An internal CT scan showing an image of a prostate in front of a linear accelerator radiation therapy machine.

My Radiotherapy Story

Radiotherapy is a common treatment for prostate cancer. It uses high doses of radiation to target and kill cancer cells. Perhaps you are about to undertake radiation therapy and would like a little inside track on what’s involved.

Not long ago I endured 38 radiotherapy sessions over an eight-week period. I’m not a doctor and have no medical expertise, but here’s my story.

Mapping my prostate to target the cancer

Before the therapy starts, the doctors needed to map my prostate to target the cancer accurately. This is achieved using a CT scanner. My bowels needed to be empty and my bladder full of water. A cannula was jabbed in my arm and dye filtered into my blood stream, which makes the prostate and lymph nodes highly visible. If all is well, the scan can take just a few minutes.

During a simulation session, I was positioned on a treatment table in the same way as during actual treatments. This helps ensure accurate delivery of radiation. Small markers, tattoo crosses, were inked on to my body. Two on my hips and one just below my navel. All to make sure that for each session I’m lying in the exact same position.

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A similar course for each radiation treatment

All my actual radiation treatments followed a similar course. My bowels had to be empty, and to make sure this was the case I generally self-administered an enema at home prior to heading to the hospital. Once there I drank 350 ml of water and usually waited around 45 minutes before being called in.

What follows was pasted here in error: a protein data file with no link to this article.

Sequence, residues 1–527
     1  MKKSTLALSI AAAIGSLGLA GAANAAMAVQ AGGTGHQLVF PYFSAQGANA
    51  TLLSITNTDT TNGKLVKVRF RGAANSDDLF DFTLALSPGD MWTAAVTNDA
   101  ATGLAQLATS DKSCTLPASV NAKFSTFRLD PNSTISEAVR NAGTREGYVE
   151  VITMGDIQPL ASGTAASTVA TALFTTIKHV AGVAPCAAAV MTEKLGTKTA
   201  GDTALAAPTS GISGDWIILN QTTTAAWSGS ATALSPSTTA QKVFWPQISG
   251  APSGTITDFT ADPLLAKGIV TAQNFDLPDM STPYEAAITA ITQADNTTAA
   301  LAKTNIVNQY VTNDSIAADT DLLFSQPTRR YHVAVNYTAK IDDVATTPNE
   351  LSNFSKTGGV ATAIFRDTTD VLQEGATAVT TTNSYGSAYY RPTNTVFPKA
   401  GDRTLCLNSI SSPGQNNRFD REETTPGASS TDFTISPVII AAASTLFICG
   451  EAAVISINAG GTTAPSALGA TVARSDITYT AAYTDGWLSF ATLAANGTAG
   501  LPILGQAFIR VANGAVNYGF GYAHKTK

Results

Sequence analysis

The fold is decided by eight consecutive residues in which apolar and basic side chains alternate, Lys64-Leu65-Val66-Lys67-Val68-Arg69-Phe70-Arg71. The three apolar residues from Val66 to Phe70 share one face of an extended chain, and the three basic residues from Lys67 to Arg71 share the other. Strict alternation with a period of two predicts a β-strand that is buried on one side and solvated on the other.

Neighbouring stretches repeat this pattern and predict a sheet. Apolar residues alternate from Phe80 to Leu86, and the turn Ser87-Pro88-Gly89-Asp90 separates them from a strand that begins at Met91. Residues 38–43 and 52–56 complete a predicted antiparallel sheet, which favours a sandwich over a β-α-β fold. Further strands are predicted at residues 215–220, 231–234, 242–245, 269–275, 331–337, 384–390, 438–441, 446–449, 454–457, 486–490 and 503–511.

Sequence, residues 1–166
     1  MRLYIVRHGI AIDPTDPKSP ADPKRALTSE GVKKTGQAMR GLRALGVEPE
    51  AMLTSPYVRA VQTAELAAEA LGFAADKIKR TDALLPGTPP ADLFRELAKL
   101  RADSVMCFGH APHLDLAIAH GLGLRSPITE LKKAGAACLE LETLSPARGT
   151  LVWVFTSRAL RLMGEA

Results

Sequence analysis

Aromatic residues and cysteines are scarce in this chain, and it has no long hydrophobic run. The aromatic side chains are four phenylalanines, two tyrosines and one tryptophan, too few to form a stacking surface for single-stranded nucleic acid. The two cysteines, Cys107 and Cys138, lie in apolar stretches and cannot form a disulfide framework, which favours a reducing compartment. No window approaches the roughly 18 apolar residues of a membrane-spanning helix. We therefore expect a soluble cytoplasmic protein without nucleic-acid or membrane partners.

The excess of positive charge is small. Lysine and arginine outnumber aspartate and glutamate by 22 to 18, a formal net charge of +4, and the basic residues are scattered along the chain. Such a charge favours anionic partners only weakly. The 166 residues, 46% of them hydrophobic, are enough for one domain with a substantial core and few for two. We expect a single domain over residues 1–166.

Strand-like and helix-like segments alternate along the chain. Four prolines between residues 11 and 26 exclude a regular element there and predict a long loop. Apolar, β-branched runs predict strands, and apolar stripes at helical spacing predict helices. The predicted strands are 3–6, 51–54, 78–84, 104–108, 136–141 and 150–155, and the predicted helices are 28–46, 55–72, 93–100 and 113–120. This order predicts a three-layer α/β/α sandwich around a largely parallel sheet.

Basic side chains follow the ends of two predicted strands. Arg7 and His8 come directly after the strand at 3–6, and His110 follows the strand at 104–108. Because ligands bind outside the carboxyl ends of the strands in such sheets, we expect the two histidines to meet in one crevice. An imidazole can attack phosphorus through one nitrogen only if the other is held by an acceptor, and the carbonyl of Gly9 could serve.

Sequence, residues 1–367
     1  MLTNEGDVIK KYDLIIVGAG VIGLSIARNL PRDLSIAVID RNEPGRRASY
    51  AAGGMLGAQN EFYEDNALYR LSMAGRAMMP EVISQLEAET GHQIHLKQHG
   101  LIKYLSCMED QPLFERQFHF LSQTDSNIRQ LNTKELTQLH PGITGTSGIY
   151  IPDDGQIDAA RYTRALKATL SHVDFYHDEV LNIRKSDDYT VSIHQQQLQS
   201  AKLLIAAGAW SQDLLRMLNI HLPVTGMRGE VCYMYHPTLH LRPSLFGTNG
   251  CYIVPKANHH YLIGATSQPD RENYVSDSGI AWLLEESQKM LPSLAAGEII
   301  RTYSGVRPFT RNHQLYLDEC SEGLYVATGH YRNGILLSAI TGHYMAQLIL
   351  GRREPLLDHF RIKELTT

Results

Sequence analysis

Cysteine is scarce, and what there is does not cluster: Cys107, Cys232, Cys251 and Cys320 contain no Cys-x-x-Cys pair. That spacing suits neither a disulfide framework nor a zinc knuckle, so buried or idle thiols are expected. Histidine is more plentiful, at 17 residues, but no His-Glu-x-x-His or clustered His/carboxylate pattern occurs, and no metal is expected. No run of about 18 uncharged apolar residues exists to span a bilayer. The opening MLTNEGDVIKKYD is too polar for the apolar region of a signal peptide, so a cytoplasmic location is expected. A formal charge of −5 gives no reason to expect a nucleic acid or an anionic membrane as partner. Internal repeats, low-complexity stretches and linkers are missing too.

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I lay down on a blue mat on the tray that slides me into the machine. The technicians pull me into the right position using the tattoo crosses.

In I go and initially I’m scanned to make sure my bowels are sufficiently empty and my bladder full. Keeping as still as I can with my hands folded across my chest, I wait for the treatment to be completed, which takes around 12 minutes. The room is quite cold, and the machine quiet, though there is a kind of high-frequency rushing sound, which is not unpleasant. The treatment caused no pain for me, and if you wish you can listen to music.

Drinking lots of water

Water is an important part of this treatment. During the day, patients may be advised to drink a lot of water, potentially between two and three liters. This is to help maintain the position of the prostate to make the radiation therapy more accurate (and also lower the chances of side effects from the treatment).1

I was told at the outset that about a month into the treatment, I might start to feel very tired. I soon found out why, as I was getting up to pee about four times a night and not sleeping well.

Unfortunately during the latter stages of my treatment, I found retaining the 350ml of water something of a challenge. On several occasions I almost had to stop the session being so desperate to pee. In the end I made it through, though sometimes I had to make a mad dash to the bathroom when the treatment was completed.

Radiotherapy wasn't bad for me

Radiotherapy wasn't so bad for me, though of course everyone’s experience may differ. One of the guys I used to meet every morning found it difficult, as he was trudging to the bathroom every hour at night and was exhausted.

After completing my eight-week program, my tiredness decreased, and I scheduled regular follow-up appointments with my oncologist to monitor my progress and to assess any remaining side effects.

Good luck with your treatment!

This article represents the opinions, thoughts, and experiences of the author; none of this content has been paid for by any advertiser. The team does not recommend or endorse any products or treatments discussed herein. Learn more about how we maintain editorial integrity here.

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